Another factor that the Court must always consider is whether there is any collusion or under-the-table dealings going on between teams.  The Court has not been presented with any evidence of such malfeasance, so assumptions will be made that this is not an issue. 

At first glance, the trade of Lance Berkman and Placido Polanco in exchange for Gaby Sanchez, John Bowker and Brendan Ryan does not look even.  Berkman and Polanco are established major league players with several years of impressive statistics that translate well into any format of fantasy baseball, whether the league is rotisserie, head to head, or points.  Sanchez is playing in his first full season as a starter, Ryan has limited offensive skills and is currently part of an infield platoon with three other Cardinals, and Bowker has been relegated to a pinch hitter on the Giants’ bench.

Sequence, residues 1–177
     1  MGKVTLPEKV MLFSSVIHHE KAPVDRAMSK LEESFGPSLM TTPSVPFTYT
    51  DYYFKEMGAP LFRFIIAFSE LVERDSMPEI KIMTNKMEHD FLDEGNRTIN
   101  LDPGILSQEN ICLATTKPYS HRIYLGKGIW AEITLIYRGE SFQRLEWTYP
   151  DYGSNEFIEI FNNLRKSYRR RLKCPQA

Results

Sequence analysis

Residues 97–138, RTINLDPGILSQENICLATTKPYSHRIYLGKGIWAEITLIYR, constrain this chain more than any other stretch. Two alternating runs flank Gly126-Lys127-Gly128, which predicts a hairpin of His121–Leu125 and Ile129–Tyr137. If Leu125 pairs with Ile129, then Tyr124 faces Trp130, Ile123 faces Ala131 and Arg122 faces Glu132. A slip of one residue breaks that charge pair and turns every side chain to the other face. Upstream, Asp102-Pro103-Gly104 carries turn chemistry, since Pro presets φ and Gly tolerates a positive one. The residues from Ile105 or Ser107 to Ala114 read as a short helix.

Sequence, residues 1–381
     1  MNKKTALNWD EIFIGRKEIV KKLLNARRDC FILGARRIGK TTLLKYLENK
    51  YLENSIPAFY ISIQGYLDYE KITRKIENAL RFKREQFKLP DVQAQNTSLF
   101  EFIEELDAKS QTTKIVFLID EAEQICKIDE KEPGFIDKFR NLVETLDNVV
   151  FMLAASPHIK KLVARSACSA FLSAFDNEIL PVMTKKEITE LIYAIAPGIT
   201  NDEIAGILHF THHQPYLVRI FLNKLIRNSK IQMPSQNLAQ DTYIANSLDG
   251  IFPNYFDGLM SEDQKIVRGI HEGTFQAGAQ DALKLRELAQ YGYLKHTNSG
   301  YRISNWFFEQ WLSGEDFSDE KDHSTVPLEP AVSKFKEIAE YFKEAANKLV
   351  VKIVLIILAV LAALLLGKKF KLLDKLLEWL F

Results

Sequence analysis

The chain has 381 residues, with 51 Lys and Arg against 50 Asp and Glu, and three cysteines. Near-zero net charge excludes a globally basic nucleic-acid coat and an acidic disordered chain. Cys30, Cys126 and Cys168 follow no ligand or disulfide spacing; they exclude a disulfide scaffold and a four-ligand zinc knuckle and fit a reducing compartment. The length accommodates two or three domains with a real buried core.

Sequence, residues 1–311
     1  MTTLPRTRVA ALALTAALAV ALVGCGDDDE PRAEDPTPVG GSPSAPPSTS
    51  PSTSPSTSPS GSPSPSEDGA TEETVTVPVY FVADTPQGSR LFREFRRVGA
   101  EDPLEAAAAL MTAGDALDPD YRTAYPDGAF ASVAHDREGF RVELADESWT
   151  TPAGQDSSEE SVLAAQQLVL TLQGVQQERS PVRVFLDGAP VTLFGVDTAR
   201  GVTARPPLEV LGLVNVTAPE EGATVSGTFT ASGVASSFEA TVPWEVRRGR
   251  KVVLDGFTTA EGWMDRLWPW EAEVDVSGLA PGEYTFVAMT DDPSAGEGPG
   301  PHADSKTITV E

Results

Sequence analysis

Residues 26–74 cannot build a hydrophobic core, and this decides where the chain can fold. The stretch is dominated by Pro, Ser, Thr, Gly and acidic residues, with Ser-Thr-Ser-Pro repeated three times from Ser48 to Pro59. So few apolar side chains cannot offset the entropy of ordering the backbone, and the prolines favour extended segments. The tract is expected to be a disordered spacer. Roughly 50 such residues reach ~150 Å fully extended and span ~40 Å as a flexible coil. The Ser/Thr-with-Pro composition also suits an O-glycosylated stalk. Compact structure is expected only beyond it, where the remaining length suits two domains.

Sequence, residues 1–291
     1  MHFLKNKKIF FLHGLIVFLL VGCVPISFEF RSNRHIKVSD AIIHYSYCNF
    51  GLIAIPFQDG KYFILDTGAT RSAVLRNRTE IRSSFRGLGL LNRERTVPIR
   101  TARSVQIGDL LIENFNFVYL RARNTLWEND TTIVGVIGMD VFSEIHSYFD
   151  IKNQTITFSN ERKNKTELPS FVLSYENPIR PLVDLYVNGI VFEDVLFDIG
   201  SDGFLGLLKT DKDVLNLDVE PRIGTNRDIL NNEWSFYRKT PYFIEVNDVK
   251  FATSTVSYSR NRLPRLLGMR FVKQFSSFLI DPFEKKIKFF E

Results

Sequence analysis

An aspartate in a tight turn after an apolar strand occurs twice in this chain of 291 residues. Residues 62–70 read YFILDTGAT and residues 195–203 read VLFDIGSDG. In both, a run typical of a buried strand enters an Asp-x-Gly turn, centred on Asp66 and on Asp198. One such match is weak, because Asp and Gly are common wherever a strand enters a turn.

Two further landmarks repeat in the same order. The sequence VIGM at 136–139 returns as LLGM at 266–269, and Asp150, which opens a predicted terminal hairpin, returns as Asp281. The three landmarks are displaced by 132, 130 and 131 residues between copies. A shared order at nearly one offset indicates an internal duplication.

On Smittydogs’ roster, both Berkman and Polanco are in their first year under contract, meaning they can be retained for two more seasons.  Berkman cost $2.00 and Polanco cost $2.50, meaning that between the two of them they cost $4.50.  This represents approximately 12% of Smittydogs’ salary cap.  On the other hand, Sanchez costs $0.50, Ryan costs $1.00, and Bowker costs $0.50 totaling $2.00 for all three.  This represents a savings of $2.50 which can be used for the following season’s draft.